Bankies past and present have been adding their heartfelt tributes to a man considered to be one of the most significant in Clydebank Football Club’s history.

Bill Munro was recognised alongside his former striker Frank McDougall on Friday night when Holm Park fell silent to remember both player and gaffer after they sadly passed away last week.

Bill was highly regarded inside and outside the madcap world which is Scottish football and will long be remembered as the man who brought top-flight football to the Bankies.

From his days chasing Sir Alex Ferguson down a touchline to prevent the legendary manager from accosting a referee to guiding Davie Cooper and managing abroad, Bill had a memorable career.

Described as a “quiet, unassuming” man, he harked back to an era of sheepskin jackets and discipline but was widely regarded as the man who inspired a whole generation to take up following the Bankies thanks to the fun, attractive style of football he played.

Born in 1934 in Glasgow, Bill played for Kilmarnock, Barrow and East Stirlingshire before moving to Clydebank as a player in 1965.

Bill made seven appearances in the white and red of the Bankies, scoring once in the combined reserve league in season 1965-66.

However, a serious knee injury forced him to turn his attention to coaching, with Clydebank offering him a backroom role in 1967.

Working under Jack Steedman, he replaced his mentor as manager in 1975, kicking off a six-year adventure as the main man in the dugout with the club.

He took the Bankies to the promised land of the top division in Scotland two seasons later, managing the club for six campaigns before leaving in 1981.

He later took charge of Airdrie and also worked in women’s football.

Bill also found himself managing in Cyprus for two years, at Evagoras Paphos, before coaching beside manager Jock Stein at a four-nation tournament with Scotland’s semi-pro team in 1980, a team comprised of part-time players from the Scottish First Division at the time.

During that time, Bill selected Ally McCoist (then a teenager at St Johnstone) but he didn’t give him a game.

Here, Bankies send their heartfelt tributes to a man widely considered the greatest ever Clydebank manager.

Clydebank FC

“Clydebank FC were deeply saddened to hear of the passing of the club's greatest ever manager, Bill Munro, last week.

“Bill oversaw the latter half of the 1970s, taking the club from the old Division Two to the Premier League in successive seasons with the on-field talent of Jimmy Caskie, Jim Fallon, Davie Cooper and many many others.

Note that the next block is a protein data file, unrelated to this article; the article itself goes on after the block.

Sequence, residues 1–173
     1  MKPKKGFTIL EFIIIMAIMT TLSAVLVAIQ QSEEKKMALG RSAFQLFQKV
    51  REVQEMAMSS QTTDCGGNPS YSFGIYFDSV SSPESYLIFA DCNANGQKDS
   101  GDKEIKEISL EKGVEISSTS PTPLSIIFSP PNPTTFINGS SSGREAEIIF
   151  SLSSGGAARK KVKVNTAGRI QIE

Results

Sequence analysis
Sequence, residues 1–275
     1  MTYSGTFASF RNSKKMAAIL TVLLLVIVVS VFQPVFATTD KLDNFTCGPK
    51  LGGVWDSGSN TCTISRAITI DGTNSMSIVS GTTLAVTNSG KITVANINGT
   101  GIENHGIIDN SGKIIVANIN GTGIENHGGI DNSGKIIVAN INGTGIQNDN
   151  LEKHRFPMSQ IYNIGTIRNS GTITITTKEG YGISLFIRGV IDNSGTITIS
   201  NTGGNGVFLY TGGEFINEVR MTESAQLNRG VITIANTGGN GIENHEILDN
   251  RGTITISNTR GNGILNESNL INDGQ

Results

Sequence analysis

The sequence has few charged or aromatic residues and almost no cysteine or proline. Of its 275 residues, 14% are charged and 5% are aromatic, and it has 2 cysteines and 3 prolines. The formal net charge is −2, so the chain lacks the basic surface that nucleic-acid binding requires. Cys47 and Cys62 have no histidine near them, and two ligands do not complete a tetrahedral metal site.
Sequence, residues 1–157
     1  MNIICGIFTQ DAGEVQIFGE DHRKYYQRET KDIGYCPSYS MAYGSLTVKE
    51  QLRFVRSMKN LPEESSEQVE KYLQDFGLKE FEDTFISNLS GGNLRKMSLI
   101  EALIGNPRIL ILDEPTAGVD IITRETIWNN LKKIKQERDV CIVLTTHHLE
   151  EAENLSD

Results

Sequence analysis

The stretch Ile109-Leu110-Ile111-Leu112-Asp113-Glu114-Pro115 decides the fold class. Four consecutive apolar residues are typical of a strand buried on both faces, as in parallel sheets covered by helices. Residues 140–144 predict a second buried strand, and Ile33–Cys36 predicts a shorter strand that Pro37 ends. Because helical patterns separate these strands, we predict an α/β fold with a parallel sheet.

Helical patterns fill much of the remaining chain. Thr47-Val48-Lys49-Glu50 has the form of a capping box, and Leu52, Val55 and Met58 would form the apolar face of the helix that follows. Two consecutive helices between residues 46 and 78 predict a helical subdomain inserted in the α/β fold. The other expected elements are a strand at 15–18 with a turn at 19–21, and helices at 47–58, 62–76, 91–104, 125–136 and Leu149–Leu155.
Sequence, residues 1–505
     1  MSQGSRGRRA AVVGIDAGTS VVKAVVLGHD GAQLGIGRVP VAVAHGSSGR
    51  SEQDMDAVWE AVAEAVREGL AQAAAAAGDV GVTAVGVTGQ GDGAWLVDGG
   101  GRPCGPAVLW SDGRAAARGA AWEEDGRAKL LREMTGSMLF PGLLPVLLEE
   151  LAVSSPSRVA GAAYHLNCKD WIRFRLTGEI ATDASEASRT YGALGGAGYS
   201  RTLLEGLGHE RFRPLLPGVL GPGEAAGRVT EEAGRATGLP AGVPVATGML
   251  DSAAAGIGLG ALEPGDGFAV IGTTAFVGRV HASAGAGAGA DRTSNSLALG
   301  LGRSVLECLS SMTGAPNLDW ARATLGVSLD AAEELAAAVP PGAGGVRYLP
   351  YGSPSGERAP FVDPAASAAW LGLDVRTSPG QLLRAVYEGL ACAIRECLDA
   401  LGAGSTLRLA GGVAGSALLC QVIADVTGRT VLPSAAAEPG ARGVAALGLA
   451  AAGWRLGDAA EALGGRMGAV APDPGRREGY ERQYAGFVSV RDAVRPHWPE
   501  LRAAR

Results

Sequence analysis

“Magical memories were made for a generation of supporters with winning the Division Two title, two Stirlingshire Cups, taking Rangers to four games and our only victory over Celtic to date.

“With the goalscoring prowess of Blair Millar and Frank McDougall, who also sadly passed away last week, Bill almost returned the club to the top flight at the first attempt but it wasn’t to be.

“Inducted into our Hall of Fame in 2011, Bill remained a close friend of the club and many of our fans and our thoughts are with his family and friends and of course those of Frank McDougall.”

Bill Abraham (Clydebank FC Commercial Director)

“Bill was my first Bankies manager.

“I started watching regularly from around 1975 and it was such an exciting time for a wee boy.

“Along with the Steedmans, he put together a wonderful side - Cooper, Larnach, McCallan, Fallon, Gallacher.

“Big crowds and majestic football. It stuck with me for life.

“Bill was as synonymous with that team and period as anyone else and he was inducted to the Hall of Fame in 2011. Thanks for the memories, Bill."

Tom Brogan (Interviewed Bill for a book on the history of Clydebank FC)

“When I met him a few years ago, his memory had faded a bit, but there were still things that put a smile on his face.

“When I mentioned names of players, like Davie Cooper, his face lit up, because he guided Davie Cooper’s early career.

“He ended up regretting going to Airdrie. He told me being at Clydebank was the pinnacle of his career.

“He enjoyed jousting with St Mirren for the First Division title that season.

“He and Alex Ferguson had this friendly rivalry at the time.

“When I was doing the book, I wrote to Alex Ferguson to ask him of any memories of Bill, and he wrote back to me to tell me of his great respect for him.